Research Article: Drivers of Inequality in Millennium Development Goal Progress: A Statistical Analysis

Date Published: March 2, 2010

Publisher: Public Library of Science

Author(s): David Stuckler, Sanjay Basu, Martin McKee, Simon Hales

Abstract: David Stuckler and colleagues examine the impact of the HIV and noncommunicable disease epidemics on low-income countries’ progress toward the Millennium Development Goals for health.

Partial Text: Remarkable efforts have been made towards meeting the health MDGs over the past 8 years (Box 1), yet many of the poorest countries are falling behind. As noted in the Report of the Secretariat to the World Health Assembly, “At the mid-point in the countdown to 2015, the target date set by the United Nations Millennium Declaration, there are several examples of success. However, great inequalities still exist within and between countries, and current trends suggest that many low-income countries will not reach the Millennium Development Goal targets” [1].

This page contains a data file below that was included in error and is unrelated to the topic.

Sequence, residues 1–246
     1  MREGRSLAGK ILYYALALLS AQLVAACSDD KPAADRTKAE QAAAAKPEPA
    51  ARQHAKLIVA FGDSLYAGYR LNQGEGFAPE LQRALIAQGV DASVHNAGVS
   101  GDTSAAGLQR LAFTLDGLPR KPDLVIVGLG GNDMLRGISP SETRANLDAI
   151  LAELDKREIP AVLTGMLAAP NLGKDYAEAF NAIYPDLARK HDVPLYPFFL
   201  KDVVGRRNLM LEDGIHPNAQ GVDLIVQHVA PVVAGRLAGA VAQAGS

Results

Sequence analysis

Our results indicate that progress in achieving the health MDGs for infant and child mortality and tuberculosis is associated significantly with the burden of adult NCDs and HIV prevalence among adults aged 15–49. The evidence emerging from these models is consistent with a growing body of research finding that high burdens of NCDs contribute to worse child health and poorer tuberculosis outcomes, both as a result of biological risks from comorbidities and as a consequence of reduced household resources (in both human and financial terms) when faced with multiple comorbidities (Table 1). An abundance of evidence indicates that poor households face the greatest burdens of both HIV and NCDs (though the diagnostic infrastructure for the latter is focused on higher income groups), and are also the households most affected by child mortality and tuberculosis.



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